My congressman made the New York Times yesterday: Tim Johnson (R, Illinois-15), who retires this year, was the subject of a short profile that emphasized above all his habit of telephoning his constituents:
“I am almost like a dinosaur,” said Mr. Johnson, who would agree to be interviewed only by, yes, phone. “I think people think I am unique,” he added, clearly embracing the notion of understatement. “My style makes you sufficiently out of the mainstream, and people can wonder how effective you are.”I’ve never understood what’s so extraordinary about this phone habit. According to the Times, Johnson calls 4,000 constituents a year. (His district has a population of 700,000.) Skip Thanksgiving and Christmas and the calls average eleven a day. Count only working days (251 in 2012), and the average jumps to sixteen, still not that many calls to make. Johnson has never called me, though he has sent long and thoughtful responses to several letters and e-mails. The one occasion on which I heard him respond to constituents, a 2009 “town-hall meeting” on health care, was deeply dispiriting. I wanted to hang up.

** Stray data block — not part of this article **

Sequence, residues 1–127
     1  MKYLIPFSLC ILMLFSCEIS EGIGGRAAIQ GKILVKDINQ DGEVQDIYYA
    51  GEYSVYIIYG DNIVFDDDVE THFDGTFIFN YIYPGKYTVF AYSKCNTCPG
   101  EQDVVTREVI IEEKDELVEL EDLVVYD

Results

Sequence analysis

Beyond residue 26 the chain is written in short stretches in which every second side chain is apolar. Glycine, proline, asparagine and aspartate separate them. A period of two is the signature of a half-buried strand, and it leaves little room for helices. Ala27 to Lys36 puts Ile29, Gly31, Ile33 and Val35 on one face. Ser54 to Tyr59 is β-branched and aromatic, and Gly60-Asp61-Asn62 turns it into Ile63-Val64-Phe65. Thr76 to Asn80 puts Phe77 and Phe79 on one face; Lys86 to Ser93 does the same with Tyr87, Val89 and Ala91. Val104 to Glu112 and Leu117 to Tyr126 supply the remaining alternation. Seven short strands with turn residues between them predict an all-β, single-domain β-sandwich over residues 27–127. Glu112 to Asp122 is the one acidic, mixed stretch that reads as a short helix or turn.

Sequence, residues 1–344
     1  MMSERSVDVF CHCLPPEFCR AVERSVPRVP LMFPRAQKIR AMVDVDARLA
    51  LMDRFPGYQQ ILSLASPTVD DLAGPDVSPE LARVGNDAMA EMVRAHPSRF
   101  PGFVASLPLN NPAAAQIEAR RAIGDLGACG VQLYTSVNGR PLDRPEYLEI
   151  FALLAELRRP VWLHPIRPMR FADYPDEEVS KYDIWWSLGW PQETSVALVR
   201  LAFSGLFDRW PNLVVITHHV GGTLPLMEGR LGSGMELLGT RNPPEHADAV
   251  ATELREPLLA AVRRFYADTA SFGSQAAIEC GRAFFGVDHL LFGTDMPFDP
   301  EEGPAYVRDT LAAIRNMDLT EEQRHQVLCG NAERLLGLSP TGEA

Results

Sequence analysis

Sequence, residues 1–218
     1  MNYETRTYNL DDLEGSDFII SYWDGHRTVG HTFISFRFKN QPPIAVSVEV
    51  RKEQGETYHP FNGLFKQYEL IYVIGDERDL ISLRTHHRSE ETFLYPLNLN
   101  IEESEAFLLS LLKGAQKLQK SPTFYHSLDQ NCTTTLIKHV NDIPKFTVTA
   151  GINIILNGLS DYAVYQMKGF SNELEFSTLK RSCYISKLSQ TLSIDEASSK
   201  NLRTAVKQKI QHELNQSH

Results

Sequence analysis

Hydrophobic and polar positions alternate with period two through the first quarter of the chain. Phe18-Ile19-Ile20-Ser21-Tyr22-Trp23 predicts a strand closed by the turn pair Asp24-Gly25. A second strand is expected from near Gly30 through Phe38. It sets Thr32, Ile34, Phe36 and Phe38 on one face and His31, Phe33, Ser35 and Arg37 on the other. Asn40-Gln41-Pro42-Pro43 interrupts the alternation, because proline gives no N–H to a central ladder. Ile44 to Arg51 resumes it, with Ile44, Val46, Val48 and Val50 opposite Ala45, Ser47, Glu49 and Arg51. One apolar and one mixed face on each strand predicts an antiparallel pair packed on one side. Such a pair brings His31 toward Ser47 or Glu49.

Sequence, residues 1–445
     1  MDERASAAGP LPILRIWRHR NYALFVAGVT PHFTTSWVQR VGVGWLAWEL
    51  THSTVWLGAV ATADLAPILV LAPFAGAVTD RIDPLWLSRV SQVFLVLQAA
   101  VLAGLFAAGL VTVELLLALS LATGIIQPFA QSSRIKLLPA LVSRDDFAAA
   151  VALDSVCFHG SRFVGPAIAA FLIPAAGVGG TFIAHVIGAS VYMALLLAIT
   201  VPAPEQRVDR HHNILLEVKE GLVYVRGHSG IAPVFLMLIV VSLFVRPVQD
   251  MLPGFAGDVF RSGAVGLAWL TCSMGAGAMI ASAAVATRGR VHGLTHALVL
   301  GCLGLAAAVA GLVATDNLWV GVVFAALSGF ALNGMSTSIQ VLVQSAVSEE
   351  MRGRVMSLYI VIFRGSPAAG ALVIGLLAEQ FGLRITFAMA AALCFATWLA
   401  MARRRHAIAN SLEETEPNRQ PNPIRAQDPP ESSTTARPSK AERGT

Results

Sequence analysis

He cuts a slightly disheveled swath through the Capitol at all hours, his calling often cited by colleagues as his chief accomplishment after a decade of service here. “Tim had his finger on the pulse of his district,” Speaker John A. Boehner said in an e-mail, “and always reminded members that at the heart of every democracy are representatives who will listen first, learn, and then lead.”
[If you click through to the Times article, don’t miss the lively comment thread.]